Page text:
Co-supervisor: Dr Casper H. A. van Leeuwen (Netherlands Institute of Ecology (NIOO))

In this project, I focus on biotic resistance and the role of species interactions in reducing the success (colonization and performance) of alien species invasions. The major aim is to determine whether tropical and temperate native freshwater species communities can provide biotic resistance to alien plant invasions and to understand the underlying mechanisms in freshwater ecosystems. To study this, I used tropical and temperate submerged plant species and an aquatic generalist herbivore as a model system. My approach is a combination of mesocosm experiments and published evidence to answer my two main research questions:

I- Can native communities provide biotic resistance to alien plant invasions in freshwater ecosystems?

II- Which mechanisms are underlying biotic resistance to aquatic plant invasions?

I consider native community susceptibility to invasion (invasibility) as well as alien plant attributes which increase their likelihood to establish and potentially become invasive (invasiveness).

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INFLUENCE OF HERBIVORE DAMAGE ON METHANE EMISSIONS FROM EMERGENT AQUATIC MACROPHYTES

March 2013 - March 2015

Supervisor: Prof. dr. Francisco de Assis Esteves (Federal University of Rio de Janeiro)

Co-supervisor: Dr Anderson da Rocha Gripp (Federal University of Rio de Janeiro)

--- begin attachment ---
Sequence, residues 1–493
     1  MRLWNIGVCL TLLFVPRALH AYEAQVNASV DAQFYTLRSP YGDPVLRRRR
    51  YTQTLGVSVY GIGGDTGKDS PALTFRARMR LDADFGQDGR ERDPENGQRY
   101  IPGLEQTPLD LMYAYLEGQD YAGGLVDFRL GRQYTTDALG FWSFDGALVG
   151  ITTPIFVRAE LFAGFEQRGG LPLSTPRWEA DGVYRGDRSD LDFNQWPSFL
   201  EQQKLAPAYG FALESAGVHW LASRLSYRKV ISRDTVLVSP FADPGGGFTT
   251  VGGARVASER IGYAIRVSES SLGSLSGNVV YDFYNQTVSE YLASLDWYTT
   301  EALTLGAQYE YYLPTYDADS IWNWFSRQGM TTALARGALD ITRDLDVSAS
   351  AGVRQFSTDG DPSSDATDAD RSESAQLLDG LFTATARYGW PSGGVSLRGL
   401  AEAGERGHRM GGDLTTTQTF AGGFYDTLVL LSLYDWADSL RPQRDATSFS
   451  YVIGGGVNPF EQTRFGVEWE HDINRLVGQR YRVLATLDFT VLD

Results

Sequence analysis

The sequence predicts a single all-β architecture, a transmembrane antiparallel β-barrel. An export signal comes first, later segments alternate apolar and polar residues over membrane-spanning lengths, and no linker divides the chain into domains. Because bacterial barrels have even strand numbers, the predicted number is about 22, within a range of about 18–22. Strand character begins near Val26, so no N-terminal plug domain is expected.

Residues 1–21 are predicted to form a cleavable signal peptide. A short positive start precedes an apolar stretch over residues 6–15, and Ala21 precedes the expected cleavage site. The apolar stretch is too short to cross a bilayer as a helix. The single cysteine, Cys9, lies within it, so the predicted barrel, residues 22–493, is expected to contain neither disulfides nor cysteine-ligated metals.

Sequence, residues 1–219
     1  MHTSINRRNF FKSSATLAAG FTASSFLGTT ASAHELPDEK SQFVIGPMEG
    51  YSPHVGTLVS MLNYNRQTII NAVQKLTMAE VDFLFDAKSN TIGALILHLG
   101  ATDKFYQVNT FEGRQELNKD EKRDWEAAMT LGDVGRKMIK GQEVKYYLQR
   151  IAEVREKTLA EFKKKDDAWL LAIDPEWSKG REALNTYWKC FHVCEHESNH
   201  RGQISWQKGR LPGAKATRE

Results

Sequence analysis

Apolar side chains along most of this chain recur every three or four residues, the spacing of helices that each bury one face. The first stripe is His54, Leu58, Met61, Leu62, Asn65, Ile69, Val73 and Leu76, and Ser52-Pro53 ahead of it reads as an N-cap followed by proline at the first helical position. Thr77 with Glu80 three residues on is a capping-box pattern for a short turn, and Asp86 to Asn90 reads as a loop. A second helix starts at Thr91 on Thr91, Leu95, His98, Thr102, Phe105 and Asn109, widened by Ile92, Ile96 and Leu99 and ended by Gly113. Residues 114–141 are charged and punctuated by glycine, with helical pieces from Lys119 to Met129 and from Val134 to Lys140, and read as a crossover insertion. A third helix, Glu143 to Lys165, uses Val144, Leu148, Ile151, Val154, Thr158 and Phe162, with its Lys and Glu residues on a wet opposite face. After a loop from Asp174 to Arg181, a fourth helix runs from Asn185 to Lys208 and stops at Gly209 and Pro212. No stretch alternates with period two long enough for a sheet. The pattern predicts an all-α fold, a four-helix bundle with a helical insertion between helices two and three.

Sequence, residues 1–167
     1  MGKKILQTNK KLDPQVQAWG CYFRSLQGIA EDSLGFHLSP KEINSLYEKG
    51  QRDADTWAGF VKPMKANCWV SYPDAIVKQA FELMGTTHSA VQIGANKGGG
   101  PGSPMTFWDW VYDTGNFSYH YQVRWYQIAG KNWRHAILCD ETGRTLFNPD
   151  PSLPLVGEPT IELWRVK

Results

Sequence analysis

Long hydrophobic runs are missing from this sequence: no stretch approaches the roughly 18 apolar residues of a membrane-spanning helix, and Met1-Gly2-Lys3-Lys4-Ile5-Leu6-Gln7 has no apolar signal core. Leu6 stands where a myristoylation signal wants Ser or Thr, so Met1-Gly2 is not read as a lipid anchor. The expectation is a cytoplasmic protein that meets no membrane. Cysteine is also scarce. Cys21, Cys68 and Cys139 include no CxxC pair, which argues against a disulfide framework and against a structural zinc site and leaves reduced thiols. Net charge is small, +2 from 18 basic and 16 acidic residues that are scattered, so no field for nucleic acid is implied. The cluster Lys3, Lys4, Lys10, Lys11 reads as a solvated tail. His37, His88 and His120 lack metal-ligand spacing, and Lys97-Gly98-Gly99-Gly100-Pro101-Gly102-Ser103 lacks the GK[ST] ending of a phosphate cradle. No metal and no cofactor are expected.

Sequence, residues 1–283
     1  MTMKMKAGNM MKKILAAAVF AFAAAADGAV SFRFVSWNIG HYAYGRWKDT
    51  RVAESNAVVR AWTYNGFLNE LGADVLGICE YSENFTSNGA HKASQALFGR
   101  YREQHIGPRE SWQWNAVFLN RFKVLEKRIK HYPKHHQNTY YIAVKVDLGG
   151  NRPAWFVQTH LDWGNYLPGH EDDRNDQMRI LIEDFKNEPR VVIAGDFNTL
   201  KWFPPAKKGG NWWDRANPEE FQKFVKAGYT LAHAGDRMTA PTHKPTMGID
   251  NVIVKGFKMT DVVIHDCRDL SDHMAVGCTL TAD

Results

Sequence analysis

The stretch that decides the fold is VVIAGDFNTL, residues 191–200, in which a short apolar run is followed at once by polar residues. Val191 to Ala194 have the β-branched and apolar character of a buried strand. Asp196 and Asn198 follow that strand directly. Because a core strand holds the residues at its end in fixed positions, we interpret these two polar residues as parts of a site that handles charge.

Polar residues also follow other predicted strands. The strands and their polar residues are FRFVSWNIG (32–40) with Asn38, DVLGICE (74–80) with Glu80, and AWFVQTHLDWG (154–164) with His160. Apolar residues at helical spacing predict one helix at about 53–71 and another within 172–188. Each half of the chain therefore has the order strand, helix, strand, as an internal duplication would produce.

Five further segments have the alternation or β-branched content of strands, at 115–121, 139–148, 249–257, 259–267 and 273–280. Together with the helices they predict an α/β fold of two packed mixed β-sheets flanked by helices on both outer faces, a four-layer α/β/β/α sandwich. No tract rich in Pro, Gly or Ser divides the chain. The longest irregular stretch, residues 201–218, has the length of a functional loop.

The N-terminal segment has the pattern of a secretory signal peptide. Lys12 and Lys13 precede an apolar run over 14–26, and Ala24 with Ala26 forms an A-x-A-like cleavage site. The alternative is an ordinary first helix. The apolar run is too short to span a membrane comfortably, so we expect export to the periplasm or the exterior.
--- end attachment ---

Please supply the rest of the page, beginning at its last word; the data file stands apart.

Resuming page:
Wetlands are the largest natural methane (CH4) source and the vegetated littoral areas are the major contributors for CH4 release from sediment to the atmosphere. Although the effects of herbivores on biomass removal, growth and reproduction of emergent macrophytes have been well documented, their effect on plant-mediated CH4 fluxes, especially by insects, remains unknown. We performed a mesocosm experiment in which we simulated the damage caused by herbivorous insects and manipulated the density of damaged culms of Eleocharis equisetoides (4 levels — 0, 20, 50 and 100%) measuring the corresponding CH4 emission, concentration and potential production in the sediment. We hypothesized that an increased percentage of culms with simulated herbivory would be associated with increased CH4 fluxes from sediment toward the atmosphere. Simulated herbivory positively affected CH4 emissions, but only under high herbivory pressure. The average CH4 flux from mesocosms with 50% and 100% damaged culms was 3.5 higher than those with intact or low levels of damage. These results indicate that physical damage on macrophytes affects gas transport within the plants. A field survey in our studied system revealed that plant biomass consumed by herbivores is relatively low. This result highlight that insects may have a disproportional effect on CH4 emissions, i.e., a very small damage (low biomass removal), when performed in many culms (50% and 100% of damaged culms treatments), may substantially increase CH4 fluxes. In summary, our findings bring a new perspective to the influence of herbivory on CH4 and carbon cycling, especially regarding the role insects might play.